I had an interview at 11 in the morning, but I had been so busy with my job, my daughter was getting married and my father was ill in the hospital. I just didn’t find the time to bring my clothes to the dry cleaner and worse than that I had an inch of grey roots showing and hadn't coloured my hair. I finally decided that they would just have to take me as I was because I didn't have the time to do everything I knew I should be doing to prepare for this interview.
It ended up I did get the job. They mustn't have noticed my roots or wrinkled suit, or I completely wowed them with my skills and humour, but this definitely was not the way to go to an interview.
How important is it what you wear to the interview? The first thing the potential employer will see when you walk in the door is what you are wearing and first impressions do count. A business suit is always appropriate.1
In order to do well in an interview you need to make that very important first impression and know how to conduct yourself during the interview. Are you relaxed and confident or uptight and nervous? Which is all well and good to say, but how do you get to the place where you are relaxed and confident and how do you make that good first impression.
I have found the key is to be prepared. Go over some possible interview questions and answers. There are some websites that give sample interview questions. Check them out. Go over the questions, no matter how silly some of them seem, believe me, they ask them. Get a friend or family member to ask you questions and practice your answers.
Dalhousie University has some good sample questions and possible answers on their website, but try and make the answers your own. Click here.2
It is also good to be familiar with what the company does. Research the company where you are applying. Most companies have a webpage that will give you a good idea of what they do.
Probably most importantly, you need to read the job posting and determine if your skills match the requirements for the job and if you think you will be able to meet the challenge. If you think you will, then you can go confidently into that interview knowing you can do the job and that will come across to the people interviewing you. If your skills fall short of what is required for this particular job posting, you might want to pass this opportunity by (at least this time around), but you can always take courses and learn the required skills or upgrade your present skills for the next time.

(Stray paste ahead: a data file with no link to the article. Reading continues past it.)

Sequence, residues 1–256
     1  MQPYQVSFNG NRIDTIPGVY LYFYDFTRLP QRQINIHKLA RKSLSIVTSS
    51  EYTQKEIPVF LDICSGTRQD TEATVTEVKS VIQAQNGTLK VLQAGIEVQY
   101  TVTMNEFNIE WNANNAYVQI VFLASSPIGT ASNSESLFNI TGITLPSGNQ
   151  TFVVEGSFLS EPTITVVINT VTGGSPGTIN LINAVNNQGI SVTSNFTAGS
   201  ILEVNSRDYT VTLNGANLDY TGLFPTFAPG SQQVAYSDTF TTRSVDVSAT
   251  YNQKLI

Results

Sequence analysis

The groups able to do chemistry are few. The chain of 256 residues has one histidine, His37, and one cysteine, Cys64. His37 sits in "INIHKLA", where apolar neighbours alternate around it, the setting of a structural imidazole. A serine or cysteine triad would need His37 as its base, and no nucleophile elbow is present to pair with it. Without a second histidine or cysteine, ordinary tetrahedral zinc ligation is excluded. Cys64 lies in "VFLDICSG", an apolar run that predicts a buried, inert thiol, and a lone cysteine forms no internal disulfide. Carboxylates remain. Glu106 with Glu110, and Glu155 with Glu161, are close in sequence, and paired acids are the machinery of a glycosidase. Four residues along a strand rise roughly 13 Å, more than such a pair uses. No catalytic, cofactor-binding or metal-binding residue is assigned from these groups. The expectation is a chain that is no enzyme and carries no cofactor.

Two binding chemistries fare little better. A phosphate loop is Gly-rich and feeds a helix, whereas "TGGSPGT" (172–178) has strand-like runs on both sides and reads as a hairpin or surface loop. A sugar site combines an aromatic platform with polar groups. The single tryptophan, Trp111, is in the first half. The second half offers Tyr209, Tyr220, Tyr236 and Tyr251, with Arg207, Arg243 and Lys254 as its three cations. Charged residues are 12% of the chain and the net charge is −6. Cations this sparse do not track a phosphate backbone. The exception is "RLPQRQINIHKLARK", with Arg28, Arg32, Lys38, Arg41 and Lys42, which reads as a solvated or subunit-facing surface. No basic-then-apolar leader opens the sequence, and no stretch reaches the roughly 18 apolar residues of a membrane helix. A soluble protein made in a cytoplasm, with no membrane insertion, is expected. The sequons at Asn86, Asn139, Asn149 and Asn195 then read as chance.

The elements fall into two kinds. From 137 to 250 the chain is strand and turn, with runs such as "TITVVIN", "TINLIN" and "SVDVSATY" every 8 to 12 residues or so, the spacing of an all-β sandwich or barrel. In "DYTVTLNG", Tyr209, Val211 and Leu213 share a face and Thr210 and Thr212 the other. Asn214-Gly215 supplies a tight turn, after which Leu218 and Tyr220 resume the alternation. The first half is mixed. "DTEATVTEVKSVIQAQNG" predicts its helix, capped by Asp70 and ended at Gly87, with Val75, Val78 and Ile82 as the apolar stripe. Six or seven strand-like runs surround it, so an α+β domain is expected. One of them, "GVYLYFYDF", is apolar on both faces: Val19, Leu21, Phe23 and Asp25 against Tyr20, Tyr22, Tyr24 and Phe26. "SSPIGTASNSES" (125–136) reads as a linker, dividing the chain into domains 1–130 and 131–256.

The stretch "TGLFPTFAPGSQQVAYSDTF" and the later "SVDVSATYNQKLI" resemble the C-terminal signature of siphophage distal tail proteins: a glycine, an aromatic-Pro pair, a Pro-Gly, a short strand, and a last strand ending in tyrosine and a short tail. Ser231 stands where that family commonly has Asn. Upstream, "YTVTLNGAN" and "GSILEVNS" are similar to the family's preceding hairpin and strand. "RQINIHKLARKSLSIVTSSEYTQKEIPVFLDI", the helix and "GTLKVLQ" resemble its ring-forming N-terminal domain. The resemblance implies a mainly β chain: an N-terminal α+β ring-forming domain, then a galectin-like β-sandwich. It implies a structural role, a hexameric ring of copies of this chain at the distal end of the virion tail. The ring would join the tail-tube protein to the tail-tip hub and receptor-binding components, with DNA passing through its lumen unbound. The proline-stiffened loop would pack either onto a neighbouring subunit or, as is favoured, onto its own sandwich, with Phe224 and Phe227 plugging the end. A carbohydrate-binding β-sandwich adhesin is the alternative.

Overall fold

One thing I think people forget when they go for an interview is that the company has to sell you on the job as well. I ask questions on any interview I go on. I want to know if I want this job. Have a list of questions prepared. You need to interview them as well.
Before you go into the interview, take a few deep breaths. When you walk into the room greet the interviewers, give a firm handshake and have good eye contact.
Anything you can do to set yourself apart from everyone else will help. Send a thank you note or card to those who interviewed you. It will be noticed.
I never feel an interview is a waste of time whether I am successful or not, I can always learn from the experience and see what the expectations are and what the job market is like.
Louise Giordano, a career advisor, says, "There is no one "best" way to prepare for an interview. Rather, there are specific and important strategies to enhance one's chances for interview success. Every interview is a learning experience, so learning that takes place during the preparation and actual interview process is useful for future interviews".
For the complete article please click here.3
Click here 4 for a good overview on interview preparation.
Click here 5 for the Service Canada website on Interview Preparation.
1 Career Services at Princeton Unversity, Dress for Interviews and Career Fairs, http://web.princeton.edu/sites/career/Undergrad/JobSearch/dress_code.html, (accessed September 5, 2007)
2 Dalhousie University, Possible Responses to Some Typical Interview Questions, http://staffingservices.dal.ca/Interview%20Preparation/Responses.php, (accessed September 5, 2007)
3 Giordano, Louise, The Ultimate guide to Job Interview Prepration, http://www.quintcareers.com/job_interview_preparation.html, (accessed September 5, 2007)
4 Dalhousie University, Interview Preparation, http://staffingservices.dal.ca/Interview%20Preparation/, (accessed September 5, 2007)
5 Service Canada, Prepare for the Interview, http://www.jobsetc.ca/content_pieces.jsp?category_id=303, (accessed September 5, 2007)
See the link list on the right "Job Search Helps" for a summary of helpful links.